Solutions for College Sticker Shock
Imagine your reaction to the following scene: You return home from work one evening to discover your teenage daughter excitedly waving a letter. When you calm her down, she informs you she has just been accepted to the incoming freshman class of a highly regarded private college. After she tells you that the tuition plus room-and-board is $40,000 a year, you wonder, “So, what exactly is the good news?”
Many parents may be in for “sticker shock” when they have to confront the cost of a four-year college degree. Graduate education often carries an even more staggering price tag. While college tuition growth has slowed in recent years, increases in the costs of higher education continue to exceed the rate of inflation. Without knowing what type of job market your college grad may face several years down the road, you may be in for some serious financial soul searching.
Although parents and students can avail themselves of a wide variety of scholarship programs, loan packages, and work-study arrangements, it might be worthwhile to look at more creative ways to hold down college costs. While not applicable to every situation, ask yourself whether either of the following ideas might benefit your family:
Cost Cutter #1—The Student Condo: Under this arrangement, Mom and Dad purchase a condominium for their child. Although a student condo is not generally purchased for its tax advantages, parents can expect it may provide their child with quieter-than-average housing, free from many of the distractions of college dorm life. However, you may want to check with your tax professional about the possibility of deducting the mortgage interest.
If condominium prices are low in the area of your child’s college, and room-and-board charges are high, this option may not be as farfetched as it first seems. The student condo can be an interesting solution for those who hold an optimistic view of real estate values a few years down the road, especially if more than one child can use the condo while attending a school in the same area.
Cost Cutter #2—The Student “Condorm”: The “condorm” allows Mom and Dad to hire their child as the student-manager of a property they purchase for both its tax and non-tax advantages. The idea is to have the student find tenants, collect rents, and manage the property. Mom and Dad can even pay a salary to their student for services rendered as resident property manager. The salary could, in the absence of other taxable income, be below the student’s filing threshold for income tax purposes. Since the parents are entrusting their child with some serious responsibilities, the condorm carries some significant liabilities that may not make it suitable for younger, undergraduate students. Condorms may make better sense for more responsible graduate students.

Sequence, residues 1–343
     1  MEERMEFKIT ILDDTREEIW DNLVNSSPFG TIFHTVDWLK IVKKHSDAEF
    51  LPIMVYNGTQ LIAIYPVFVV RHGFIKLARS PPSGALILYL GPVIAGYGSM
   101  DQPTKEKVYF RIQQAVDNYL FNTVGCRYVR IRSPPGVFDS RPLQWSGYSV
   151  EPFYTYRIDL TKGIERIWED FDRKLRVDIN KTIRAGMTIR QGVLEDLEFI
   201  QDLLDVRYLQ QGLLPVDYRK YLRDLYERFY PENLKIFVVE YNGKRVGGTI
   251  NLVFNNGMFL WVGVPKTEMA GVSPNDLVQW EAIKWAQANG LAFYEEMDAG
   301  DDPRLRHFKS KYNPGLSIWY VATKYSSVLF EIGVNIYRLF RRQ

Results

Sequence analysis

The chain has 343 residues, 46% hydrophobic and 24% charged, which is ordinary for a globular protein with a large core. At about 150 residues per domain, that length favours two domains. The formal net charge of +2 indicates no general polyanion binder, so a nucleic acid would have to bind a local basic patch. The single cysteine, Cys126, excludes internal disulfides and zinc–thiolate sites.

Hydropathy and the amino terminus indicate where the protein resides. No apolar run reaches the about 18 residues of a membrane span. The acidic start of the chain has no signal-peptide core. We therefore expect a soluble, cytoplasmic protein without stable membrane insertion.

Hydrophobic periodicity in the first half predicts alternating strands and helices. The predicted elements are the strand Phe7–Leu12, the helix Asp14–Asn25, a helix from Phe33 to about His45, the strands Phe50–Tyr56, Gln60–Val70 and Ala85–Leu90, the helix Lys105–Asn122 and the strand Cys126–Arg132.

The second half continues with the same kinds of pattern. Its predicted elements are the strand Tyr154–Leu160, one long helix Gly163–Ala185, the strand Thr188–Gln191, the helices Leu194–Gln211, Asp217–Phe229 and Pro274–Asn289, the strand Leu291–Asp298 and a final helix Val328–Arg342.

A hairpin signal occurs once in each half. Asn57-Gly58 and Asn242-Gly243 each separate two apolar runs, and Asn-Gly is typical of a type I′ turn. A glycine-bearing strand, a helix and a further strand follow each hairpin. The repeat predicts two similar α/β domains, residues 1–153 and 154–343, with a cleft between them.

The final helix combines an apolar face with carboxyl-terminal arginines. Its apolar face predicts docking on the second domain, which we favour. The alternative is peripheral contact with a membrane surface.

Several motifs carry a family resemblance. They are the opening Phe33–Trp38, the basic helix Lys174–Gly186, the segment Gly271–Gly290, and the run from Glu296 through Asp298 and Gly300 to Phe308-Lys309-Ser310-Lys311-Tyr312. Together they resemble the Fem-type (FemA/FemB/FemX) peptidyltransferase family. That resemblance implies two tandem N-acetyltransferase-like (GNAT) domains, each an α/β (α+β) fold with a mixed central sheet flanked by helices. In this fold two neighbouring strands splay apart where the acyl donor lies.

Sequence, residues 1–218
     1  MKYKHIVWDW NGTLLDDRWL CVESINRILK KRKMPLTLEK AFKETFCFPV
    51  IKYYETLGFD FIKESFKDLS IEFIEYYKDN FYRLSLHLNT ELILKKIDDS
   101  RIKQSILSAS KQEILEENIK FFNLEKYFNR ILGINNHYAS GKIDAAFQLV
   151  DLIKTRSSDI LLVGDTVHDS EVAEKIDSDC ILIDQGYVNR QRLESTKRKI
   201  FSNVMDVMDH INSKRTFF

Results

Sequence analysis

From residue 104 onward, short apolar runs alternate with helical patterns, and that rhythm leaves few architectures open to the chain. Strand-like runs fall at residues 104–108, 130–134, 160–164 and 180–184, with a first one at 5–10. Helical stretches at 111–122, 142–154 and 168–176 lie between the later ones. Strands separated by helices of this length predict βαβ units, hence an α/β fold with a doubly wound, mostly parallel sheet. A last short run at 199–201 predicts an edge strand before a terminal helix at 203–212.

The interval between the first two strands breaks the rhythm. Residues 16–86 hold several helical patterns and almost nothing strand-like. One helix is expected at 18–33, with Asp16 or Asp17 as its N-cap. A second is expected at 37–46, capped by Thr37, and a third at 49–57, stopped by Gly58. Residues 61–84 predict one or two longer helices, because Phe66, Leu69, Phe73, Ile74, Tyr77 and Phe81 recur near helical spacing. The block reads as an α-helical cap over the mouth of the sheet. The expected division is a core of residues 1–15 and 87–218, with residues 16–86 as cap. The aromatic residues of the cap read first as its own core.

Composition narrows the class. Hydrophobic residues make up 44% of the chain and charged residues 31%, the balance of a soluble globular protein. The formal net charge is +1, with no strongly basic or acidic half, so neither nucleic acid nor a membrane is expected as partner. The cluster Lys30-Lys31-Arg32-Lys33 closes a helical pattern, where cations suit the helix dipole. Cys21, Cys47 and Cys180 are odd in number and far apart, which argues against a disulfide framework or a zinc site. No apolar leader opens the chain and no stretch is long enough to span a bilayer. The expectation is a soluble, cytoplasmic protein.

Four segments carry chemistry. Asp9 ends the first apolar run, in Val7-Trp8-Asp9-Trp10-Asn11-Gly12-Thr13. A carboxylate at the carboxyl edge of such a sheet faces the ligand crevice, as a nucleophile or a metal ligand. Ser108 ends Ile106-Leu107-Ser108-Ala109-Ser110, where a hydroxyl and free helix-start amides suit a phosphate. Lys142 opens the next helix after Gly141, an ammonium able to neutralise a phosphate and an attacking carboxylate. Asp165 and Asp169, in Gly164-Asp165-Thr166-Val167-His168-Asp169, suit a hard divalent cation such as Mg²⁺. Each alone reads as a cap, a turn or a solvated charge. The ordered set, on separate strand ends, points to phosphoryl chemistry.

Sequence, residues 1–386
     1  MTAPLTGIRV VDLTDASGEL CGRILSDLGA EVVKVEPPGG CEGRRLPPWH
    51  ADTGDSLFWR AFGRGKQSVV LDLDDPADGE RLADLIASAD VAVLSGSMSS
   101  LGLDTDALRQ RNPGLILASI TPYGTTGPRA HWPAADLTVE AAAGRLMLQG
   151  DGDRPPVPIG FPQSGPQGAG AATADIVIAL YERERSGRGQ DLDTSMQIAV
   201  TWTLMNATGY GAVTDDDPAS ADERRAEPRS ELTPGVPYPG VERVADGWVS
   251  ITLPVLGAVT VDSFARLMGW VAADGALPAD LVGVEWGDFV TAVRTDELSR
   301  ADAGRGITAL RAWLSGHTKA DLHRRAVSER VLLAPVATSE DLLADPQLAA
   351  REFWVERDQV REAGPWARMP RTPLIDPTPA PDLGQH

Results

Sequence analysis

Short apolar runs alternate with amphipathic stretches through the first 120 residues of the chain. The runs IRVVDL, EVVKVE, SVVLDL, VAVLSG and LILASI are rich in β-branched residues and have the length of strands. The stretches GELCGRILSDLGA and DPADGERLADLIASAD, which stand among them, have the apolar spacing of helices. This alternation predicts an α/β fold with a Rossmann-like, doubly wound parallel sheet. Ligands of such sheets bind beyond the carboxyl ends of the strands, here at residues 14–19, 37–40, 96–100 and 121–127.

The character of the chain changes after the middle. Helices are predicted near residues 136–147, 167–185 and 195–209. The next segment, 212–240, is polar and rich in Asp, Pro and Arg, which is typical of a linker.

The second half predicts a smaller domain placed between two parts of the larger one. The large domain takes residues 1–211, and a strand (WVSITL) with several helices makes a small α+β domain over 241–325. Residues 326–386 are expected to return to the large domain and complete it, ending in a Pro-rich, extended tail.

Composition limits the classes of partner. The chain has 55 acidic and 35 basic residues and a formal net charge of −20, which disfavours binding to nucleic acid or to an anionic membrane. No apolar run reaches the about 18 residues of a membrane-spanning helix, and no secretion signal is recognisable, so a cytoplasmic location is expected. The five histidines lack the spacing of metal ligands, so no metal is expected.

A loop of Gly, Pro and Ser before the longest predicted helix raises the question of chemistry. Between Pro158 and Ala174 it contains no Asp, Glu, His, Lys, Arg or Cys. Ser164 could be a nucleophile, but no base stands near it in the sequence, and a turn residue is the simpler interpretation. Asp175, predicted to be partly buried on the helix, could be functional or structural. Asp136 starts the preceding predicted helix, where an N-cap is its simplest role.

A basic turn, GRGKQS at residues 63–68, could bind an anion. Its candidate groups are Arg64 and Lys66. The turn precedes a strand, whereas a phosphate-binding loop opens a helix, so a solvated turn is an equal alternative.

While these solutions to college sticker shock are a little off the beaten path, they offer enterprising parents and their children an opportunity to use real estate to their advantage. If this appeals to you, you should seek professional tax and legal advice before proceeding.
The Way We Shop For College Is All Wrong.
Because most families cannot simply save enough or earn enough to write a check for college, being smarter consumers of education is imperative.
In This Guide We’ll Show You How To:
Step 1: Determine Available Personal Resources
Step 2: Establish a Maximum Student Loan Amount
Step 3: Shop for Schools Within the Budget
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Would You Like Help Creating A Plan For Your Child's College Fund Or Your Own Retirement Needs?
We Help Families & Individuals Create Financial Plans For Success.
Mark Kelly, CERTIFIED FINANCIAL PLANNER™
We are recommended by the Dave Ramsey Smartvestor Network
At University Financial Strategies our mission is to help families think beyond just saving for college, but helping leverage strategies that leverage your unique situation to help you save on college costs. We take into consideration topics like specialized college-planning strategies for business owners, planning for financial aid, school-specific scholarships, coordinating college planning with grandparents, cash-flow strategies and options for covering shortfalls, to name just a few.
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